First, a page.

The Holdovers – Review

The HoldoversA curmudgeonly teacher with hints of tragic past; a spoiled little rich kid who is left behind by his new stepfather; a grieving mother who cannot comprehend life without her son. These are cinematic tropes that have been done to death. We all know how it turns out – a happy ending for all after a few fights and some misunderstandings that allow us to get to know the characters on a deeper level.

However familiar we may be with the characters in Alexander Payne’s The Holdovers, how they all reveal their true selves is what makes this film so very charming, entertaining and thoroughly rewatchable.

In a private boarding school in the snowy North East, it’s the Christmas break. Paul Hunham (Paul Giamatti) is on “holdover duty”, meaning he is responsible for any of the boys who aren’t going home for the holidays. Onsite, too, is Mary Lamb (Da’Vine Joy Randolph), the school cook, and a small collection of students, none of whom want to be there. Particularly chagrined is Angus Tully (Dominic Sessa), who had his suitcase packed and ready to go, only for his mother and new stepfather to change their plans and exclude him at the last minute.

But this isn’t a paint-by-numbers, cosy retelling of how you find family where you least expect it. Each of these three main characters is going through a very private pain, which manifests itself publicly in a number of ways. Hunham is loathed as a teacher, made fun of for his body odour and glass eye. He is clearly very lonely, despite his claim that books keep him company, and feels like he is not as successful in life as he perhaps could have been. Mary has lost her son – a scholarship student at the school – to the Vietnam War. A loss she sees as futile and unsurmountable. Her eventual breakdown is extremely public and extremely raw in its delivery. Angus is dealing with new familial arrangements and the fact that he seems unable to either remain in a school or make friends. The plaudits being lavished on these actors throughout awards season are entirely merited.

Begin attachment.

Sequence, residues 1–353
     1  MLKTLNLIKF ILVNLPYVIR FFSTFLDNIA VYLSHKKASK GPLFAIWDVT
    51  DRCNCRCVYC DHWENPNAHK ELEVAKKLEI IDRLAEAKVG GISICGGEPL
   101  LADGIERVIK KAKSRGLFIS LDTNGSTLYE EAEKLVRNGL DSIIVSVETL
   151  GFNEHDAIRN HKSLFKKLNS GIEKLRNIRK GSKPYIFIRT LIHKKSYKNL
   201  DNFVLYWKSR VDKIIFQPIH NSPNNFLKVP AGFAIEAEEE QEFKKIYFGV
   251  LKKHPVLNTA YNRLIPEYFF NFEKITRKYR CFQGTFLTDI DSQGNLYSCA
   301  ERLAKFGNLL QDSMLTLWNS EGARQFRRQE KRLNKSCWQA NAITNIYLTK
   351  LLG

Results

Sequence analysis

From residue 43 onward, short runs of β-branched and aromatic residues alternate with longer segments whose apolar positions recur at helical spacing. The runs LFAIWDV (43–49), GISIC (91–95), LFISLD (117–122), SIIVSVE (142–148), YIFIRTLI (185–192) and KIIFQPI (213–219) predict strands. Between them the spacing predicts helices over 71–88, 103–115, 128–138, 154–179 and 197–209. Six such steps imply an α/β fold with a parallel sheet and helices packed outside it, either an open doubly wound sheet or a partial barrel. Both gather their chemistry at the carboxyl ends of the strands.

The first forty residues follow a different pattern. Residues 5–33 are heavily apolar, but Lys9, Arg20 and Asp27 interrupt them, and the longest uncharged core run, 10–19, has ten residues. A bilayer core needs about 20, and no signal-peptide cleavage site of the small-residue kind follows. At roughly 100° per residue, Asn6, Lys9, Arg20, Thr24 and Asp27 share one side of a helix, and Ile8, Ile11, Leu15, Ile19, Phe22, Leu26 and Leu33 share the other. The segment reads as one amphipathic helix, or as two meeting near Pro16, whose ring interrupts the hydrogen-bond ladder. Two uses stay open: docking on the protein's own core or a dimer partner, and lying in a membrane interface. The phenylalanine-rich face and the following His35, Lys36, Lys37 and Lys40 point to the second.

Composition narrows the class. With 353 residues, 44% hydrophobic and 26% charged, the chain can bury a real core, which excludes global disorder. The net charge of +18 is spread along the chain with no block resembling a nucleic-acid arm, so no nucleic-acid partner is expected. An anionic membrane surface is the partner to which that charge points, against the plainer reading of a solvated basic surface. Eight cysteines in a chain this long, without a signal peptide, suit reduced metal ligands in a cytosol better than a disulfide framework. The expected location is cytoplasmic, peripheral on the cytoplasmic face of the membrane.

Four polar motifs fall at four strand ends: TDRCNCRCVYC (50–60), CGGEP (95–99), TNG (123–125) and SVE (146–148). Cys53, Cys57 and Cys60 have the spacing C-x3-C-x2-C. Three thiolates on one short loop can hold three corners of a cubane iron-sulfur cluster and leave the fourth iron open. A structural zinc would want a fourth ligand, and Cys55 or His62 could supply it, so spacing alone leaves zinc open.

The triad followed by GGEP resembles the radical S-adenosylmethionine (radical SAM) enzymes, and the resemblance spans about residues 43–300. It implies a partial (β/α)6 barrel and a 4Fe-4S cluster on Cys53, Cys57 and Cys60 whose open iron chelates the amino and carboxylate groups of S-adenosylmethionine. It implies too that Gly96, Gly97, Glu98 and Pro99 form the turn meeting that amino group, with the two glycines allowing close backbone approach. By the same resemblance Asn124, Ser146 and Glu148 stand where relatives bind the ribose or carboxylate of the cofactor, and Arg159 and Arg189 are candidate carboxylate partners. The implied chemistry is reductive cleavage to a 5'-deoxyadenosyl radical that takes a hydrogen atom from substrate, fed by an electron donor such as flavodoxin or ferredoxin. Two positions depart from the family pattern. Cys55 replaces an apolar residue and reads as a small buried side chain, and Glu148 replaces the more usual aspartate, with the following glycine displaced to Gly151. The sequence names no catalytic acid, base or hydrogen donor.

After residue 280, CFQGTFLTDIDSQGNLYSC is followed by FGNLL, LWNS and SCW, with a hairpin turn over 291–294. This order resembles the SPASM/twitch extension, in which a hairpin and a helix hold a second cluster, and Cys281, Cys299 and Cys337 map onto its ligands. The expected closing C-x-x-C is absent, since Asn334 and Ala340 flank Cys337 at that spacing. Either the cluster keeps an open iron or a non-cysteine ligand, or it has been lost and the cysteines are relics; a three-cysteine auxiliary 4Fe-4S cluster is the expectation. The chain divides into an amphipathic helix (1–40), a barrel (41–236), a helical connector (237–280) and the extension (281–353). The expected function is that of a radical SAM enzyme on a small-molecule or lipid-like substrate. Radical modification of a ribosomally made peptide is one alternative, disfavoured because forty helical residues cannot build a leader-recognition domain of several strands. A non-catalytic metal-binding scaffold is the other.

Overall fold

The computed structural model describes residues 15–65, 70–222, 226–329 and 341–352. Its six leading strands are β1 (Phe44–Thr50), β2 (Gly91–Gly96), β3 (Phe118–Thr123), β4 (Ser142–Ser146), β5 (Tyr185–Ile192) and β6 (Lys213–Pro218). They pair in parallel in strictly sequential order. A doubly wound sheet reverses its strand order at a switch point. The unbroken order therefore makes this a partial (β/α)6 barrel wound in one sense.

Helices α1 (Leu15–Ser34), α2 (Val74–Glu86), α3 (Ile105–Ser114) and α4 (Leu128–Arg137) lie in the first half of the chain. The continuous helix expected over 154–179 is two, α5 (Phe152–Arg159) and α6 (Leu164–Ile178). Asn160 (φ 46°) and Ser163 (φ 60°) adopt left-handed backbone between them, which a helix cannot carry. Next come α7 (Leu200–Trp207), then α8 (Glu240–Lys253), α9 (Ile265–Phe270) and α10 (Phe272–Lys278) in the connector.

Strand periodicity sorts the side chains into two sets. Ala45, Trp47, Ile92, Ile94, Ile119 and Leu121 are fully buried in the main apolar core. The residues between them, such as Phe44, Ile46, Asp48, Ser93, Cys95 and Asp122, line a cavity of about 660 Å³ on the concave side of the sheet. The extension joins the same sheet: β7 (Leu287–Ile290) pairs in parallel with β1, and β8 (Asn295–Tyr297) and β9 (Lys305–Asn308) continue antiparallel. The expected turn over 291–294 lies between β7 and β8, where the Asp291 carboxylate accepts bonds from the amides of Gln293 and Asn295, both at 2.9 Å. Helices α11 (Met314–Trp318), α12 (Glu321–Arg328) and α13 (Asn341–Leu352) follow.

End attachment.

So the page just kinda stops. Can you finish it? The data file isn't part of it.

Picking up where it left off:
David Hemingson’s script is a masterclass. It draws you in with emotionally charged conversations and leaves you gasping at insults dripping with acidity and wit. Each of the characters – even those actors in supporting roles such as Carrie Preston, Brady Hepner and Jim Kaplan – are given enough screen time and dialogue to flesh out our understanding of who they are. Nothing feels two dimensional, here. Even Paul Hunham’s ranting speeches about “troglodytes” or “hormonal vulgarians” are both amusing and revealing. (Truly, Hemingson’s script has some of the best cinematic insults you will ever hear on screen.)

The Holdovers Mark Orton’s score feels cute and folksy, but not in a way that detracts from the film. It is not saccharine but melodious and warm. Set in the very last days of 1970, cinematographer Eigil Bryld and colourist Joe Gawler shot the film as if on 35mm. There are even vintage Focus Features and Miramax logos and negative “scratches” on the film’s opening. Again, this somehow adds to the warmth being created, even if director Alexander Payne has gone to great lengths to insist this is not a schmaltzy Christmas film.

The hallmark of a good work of art – whatever format that may take – is how it makes you feel. And The Holdovers will run you through the gamut of all human emotions. Yes, the dustings of snow and choral Christmas songs will make you feel wholesome. You may even laugh out loud at some of the dialogue. But you will also be moved and shocked and empathetic to the outpourings of grief, loss, loneliness and lost dreams. As Mary tenderly caresses baby clothes; as Angus looks into his father’s eyes and fears a mirror; as Paul splutters and lies his way through a conversation with a former classmate. The human soul, laid bare, is vulnerable and unpretty. That’s how The Holdovers really gets to you.

With pitch perfect performances, a fantastically lucid script and joyously vintage visuals, The Holdovers is sure to charm and challenge you. A fantastic watch, whatever the time of year.

The Holdovers is currently in UK cinemas.

Mary Munoz
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